Zhonghua Fu Chan Ke Za Zhi. 2018; 53(12):823-830 [PubMed] Related Publications

Malentacchi F, Turrini I, Sorbi F, et al.
Pilot investigation of the mutation profile of PIK3CA/PTEN genes (PI3K pathway) in grade 3 endometrial cancer.
Oncol Rep. 2019; 41(3):1560-1574 [PubMed] Article available free on PMC after 01/01/2020 Related Publications
Endometrial cancer (EC) comprises a biological and clinical heterogeneous group of tumors. Several genetic alterations are involved in the development and progression of EC, and may be used for targeted therapy, particularly in patients with advanced‑stage EC. In the present study, a combined procedure was developed based on polymerase chain reaction (PCR)‑high resolution melting analysis (HRMA) and Sanger sequencing for the evaluation of somatic mutations in selected phosphoinositide 3‑kinase (PI3K) catalytic subunit α (PIK3CA; exons 1, 9 and 21) and phosphatase and tensin homolog (PTEN; exons 5, 6, 7 and 8) exons. This combined procedure has the specificity and sensitivity of the two techniques, and overcomes their limitations. A pilot study was performed on 18 selected homogenous EC samples, of grade 3 endometrioid subtype (G3 EEC). First, the feasibility of the combined procedure was investigated to properly identify the presence of somatic mutations on PIK3CA and PTEN, the variations identified were analyzed using Catalogue of Somatic Mutations in Cancer, PolyPhen‑2 and Mutation Taster software, and the frequency of mutations/variations was determined in the selected samples. The evaluation of mutational load revealed that the majority of the G3 EEC samples exhibited PIK3CA mutations (39%) and PTEN mutations (67%), and the majority of the samples (83%) had mutations in at least one of the two genes, and 33% had mutations in the two genes. The results of the present pilot study suggested that the cost‑effective combined PCR‑HRMA and Sanger sequencing procedure may be suitable for identification of PTEN and PIK3CA mutations in G3 EEC and that their frequency was consistent in G3 EEC, indicating that the PI3K pathway serves a pivotal function that may have potential for defining targeted therapy for the treatment of G3 EEC.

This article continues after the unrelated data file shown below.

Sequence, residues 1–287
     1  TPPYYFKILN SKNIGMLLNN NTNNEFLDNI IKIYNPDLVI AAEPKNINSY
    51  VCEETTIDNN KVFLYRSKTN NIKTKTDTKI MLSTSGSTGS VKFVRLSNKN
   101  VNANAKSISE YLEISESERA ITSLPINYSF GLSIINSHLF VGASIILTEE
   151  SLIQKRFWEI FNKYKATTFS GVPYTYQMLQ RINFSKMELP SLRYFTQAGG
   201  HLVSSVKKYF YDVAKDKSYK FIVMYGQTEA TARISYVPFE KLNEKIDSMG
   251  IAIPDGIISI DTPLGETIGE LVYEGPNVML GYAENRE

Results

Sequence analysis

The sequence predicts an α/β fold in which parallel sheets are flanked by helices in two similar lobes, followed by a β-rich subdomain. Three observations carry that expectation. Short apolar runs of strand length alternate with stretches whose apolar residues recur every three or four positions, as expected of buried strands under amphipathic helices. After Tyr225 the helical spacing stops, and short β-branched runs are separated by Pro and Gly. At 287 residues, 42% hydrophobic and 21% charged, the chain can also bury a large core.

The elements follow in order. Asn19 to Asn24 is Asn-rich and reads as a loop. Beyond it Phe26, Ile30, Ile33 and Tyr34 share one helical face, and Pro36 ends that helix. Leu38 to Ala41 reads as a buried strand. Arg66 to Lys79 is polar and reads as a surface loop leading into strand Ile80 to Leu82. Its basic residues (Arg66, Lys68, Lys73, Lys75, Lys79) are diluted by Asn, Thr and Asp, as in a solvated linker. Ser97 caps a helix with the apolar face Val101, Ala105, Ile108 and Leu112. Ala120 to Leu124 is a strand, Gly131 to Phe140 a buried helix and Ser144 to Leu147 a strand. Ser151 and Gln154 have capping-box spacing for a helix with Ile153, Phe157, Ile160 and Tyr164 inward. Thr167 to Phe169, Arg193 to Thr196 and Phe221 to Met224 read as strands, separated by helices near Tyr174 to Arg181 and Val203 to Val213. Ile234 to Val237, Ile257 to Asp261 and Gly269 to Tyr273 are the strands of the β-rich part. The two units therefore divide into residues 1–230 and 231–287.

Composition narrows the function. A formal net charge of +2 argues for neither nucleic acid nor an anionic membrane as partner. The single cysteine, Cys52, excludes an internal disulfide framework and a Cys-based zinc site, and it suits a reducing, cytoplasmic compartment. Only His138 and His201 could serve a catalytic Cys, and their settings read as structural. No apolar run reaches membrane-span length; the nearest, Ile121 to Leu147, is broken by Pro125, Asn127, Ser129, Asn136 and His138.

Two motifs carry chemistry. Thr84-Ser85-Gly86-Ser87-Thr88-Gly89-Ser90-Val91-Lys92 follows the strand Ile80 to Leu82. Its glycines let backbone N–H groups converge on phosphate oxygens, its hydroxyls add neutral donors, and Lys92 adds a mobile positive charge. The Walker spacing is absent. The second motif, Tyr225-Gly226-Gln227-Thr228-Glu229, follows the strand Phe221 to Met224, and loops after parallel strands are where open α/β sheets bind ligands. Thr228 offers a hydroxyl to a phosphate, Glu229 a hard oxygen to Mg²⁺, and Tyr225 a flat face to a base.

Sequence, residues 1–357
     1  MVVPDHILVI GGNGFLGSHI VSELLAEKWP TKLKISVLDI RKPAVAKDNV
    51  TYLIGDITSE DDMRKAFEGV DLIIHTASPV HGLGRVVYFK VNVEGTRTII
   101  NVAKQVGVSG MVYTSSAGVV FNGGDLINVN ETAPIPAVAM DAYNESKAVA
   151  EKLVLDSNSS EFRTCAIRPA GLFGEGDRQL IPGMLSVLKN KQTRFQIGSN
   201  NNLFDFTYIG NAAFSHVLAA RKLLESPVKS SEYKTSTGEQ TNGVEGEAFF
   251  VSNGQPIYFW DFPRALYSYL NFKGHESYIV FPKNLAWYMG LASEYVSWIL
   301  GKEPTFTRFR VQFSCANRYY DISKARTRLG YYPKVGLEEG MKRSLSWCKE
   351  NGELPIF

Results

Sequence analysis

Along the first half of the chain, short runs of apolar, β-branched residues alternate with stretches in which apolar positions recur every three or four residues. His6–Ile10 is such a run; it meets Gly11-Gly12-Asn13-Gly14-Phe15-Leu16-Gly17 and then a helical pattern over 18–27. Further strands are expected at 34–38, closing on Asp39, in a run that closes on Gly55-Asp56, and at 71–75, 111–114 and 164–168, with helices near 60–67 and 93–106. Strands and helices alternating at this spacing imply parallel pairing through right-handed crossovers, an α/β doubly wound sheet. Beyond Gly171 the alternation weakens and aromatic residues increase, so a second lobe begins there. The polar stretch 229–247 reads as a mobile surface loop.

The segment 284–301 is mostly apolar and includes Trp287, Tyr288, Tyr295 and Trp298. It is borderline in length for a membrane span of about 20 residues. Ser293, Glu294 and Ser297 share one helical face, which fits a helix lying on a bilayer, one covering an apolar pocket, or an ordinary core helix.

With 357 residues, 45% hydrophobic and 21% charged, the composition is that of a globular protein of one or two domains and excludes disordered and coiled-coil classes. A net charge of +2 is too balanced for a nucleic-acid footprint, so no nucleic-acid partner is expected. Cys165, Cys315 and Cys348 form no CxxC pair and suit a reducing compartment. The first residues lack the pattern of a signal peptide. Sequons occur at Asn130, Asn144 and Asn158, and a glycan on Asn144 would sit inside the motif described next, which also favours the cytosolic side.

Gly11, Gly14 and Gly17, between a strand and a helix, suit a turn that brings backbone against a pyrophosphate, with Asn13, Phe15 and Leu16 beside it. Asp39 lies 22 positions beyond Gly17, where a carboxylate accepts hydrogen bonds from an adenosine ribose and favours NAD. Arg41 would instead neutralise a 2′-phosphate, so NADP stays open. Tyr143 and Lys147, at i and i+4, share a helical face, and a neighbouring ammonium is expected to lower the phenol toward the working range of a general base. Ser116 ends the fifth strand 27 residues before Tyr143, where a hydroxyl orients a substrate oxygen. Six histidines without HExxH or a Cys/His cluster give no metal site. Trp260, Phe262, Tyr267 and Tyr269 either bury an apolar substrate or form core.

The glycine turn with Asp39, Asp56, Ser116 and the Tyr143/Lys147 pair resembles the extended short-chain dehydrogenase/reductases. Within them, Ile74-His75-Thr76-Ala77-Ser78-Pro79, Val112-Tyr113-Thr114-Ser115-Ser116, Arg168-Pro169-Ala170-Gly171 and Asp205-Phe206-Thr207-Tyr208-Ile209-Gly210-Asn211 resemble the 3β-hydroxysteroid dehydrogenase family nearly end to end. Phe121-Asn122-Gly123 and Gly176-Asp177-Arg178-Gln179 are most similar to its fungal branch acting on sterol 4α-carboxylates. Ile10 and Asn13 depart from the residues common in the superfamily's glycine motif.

Disclaimer: This site is for educational purposes only; it can not be used in diagnosis or treatment.

Cite this page: Cotterill SJ. Endometrial Cancer, Cancer Genetics Web: http://www.cancer-genetics.org/X1005.htm Accessed:

Creative Commons License
This page in Cancer Genetics Web by Simon Cotterill is licensed under a Creative Commons Attribution-ShareAlike 4.0 International License.
Note: content of abstracts copyright of respective publishers - seek permission where appropriate.

 [Home]    Page last revised: 29 August, 2019     Cancer Genetics Web, Established 1999